The Two Key Ingredients for Your Best Performance: Simplicity and Certainty

July 31st, 2012 by Kelly Kienzle

We are constantly called upon to give our very best performance.  We face questions such as: How will I give my very best interview?  How will I deliver my very best marketing pitch?  How will I swim my very fastest time?

I would offer just two guidelines, borrowed from the US Olympic Men’s Swimming coach: Simplicity and Certainty.  If we use Simplicity to define our goal, then we are clear on what we want to achieve (and not distracted by what we don’t need to achieve).  If we can create Certainty in ourselves, then our self-confidence will give us the boost to work hard and reach achievement.

Here’s how you can do this:

  • Create a Simplicity Statement of what you want to achieve.
  • Create a second statement of how you are qualified to achieve it.  This will be your Certainty Statement.
  • Revise the Statements to make them as short and clear as possible.  If your brain gets noisy with other secondary goals, qualifiers, and conditions, turn down the volume.  Focus on the most essential element of your goal and what qualifies you to achieve it.
  • Post them prominently where you’ll see them.  (I have a bulletin board above my desk almost exclusively for this purpose.)
  • Extra Credit: Find an image that reflects this goal.  Tack that next to your Statements.

Let’s walk through the process together using the example of giving your very best interview.  You might say your Simplicity Statement is “Get a job.”  But drill down deeper to what you absolutely most want.  Do you want just any job?  No.  Are you qualified for (and thus Certain that you’ll get) any job?  Again, no.  You are going into this job interview because there is something about it that excites you.  What is it?  You think that you could be well-qualified for this job.  Why?  (And if you can’t answer these questions, then take the signal and go back to the job board.)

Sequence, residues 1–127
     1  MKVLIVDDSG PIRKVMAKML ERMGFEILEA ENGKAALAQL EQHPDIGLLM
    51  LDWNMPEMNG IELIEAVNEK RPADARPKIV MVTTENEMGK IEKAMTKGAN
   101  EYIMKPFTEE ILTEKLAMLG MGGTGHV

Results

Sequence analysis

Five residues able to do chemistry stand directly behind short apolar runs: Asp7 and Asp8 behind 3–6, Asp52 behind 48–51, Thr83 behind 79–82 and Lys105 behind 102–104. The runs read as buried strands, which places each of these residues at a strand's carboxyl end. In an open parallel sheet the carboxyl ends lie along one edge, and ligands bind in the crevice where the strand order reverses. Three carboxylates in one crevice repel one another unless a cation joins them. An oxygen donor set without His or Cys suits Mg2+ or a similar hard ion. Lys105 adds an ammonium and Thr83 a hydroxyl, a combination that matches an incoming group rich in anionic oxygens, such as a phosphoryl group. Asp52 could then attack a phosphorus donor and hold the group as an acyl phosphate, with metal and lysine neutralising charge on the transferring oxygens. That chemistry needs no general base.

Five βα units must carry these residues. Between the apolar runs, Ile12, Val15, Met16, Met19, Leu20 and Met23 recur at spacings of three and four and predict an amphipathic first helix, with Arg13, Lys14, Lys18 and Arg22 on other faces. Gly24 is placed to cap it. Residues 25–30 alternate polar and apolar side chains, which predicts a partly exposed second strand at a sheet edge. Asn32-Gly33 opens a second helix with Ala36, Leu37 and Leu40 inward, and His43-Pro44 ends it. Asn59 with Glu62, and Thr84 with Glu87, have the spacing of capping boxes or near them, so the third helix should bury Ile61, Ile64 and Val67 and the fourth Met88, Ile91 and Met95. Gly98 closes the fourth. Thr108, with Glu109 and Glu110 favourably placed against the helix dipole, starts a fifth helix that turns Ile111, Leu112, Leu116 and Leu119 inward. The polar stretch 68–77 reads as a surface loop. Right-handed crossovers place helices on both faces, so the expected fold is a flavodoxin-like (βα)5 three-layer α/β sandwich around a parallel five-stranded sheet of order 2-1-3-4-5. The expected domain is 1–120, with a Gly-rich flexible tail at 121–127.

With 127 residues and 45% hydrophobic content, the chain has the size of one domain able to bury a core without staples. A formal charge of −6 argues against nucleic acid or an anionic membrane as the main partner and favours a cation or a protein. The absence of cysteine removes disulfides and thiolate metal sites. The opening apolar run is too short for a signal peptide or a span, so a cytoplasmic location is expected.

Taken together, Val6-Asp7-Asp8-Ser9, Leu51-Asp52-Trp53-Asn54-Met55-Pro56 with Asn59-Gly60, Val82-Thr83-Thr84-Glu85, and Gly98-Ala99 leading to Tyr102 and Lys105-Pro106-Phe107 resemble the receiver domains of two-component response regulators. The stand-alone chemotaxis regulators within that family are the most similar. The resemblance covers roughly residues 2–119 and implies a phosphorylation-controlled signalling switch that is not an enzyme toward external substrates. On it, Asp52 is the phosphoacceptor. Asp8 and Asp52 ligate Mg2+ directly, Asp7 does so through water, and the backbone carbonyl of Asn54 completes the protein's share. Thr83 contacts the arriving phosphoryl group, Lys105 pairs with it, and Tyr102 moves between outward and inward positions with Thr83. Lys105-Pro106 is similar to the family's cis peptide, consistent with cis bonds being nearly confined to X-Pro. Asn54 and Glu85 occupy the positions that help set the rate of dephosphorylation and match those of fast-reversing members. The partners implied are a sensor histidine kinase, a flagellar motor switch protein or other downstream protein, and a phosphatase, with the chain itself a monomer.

If you value recognition, then maybe your Simplicity Statement is: “I want a job where I’ll feel valued.” Now you’re ready for Step 2.  Building off your Simplicity Statement, maybe your Certainty Statement is: “I am good at making others feel valued.”  There’s some good clay to work with!  Now you know that you’re going into this interview to ask questions about how they reward their employees, how they deliver recognition, what is the review process like, etc.  (Side note: You can also use your Simplicity Statement as a filter for other job opportunities. Nothing on the employer’s site about valuing employees?  Then, keep clicking…)

Using your Certainty Statement, you can talk with confidence to the interviewer about what you can bring.  And when interviewers hear confidence, they perk up their ears.  So you focus on your Certainty Statement: “I am often cited for being a strong team player.  Let me give you an example of that…” or “I believe in making others feel valued, so that we can all perform our best.  Here’s how I live that value…”

The more complex the issue seems (and complex issues always call for our best performance), then the more beneficial it will be to distill the goal down to a Simplicity Statement and a Certainty Statement.  You can also follow these steps when you prepare for your next marketing call or critical meeting.  And, for just a very few of you, you can use it tomorrow when you get in the pool at the Olympics in London….

If you would like support on defining and following your Statements, please let me know.  If you would like to improve your swim speed, please contact Gregg Troy.

“If you can’t explain it to a 6-year old, then you don’t understand it yourself.”

– Albert Einstein

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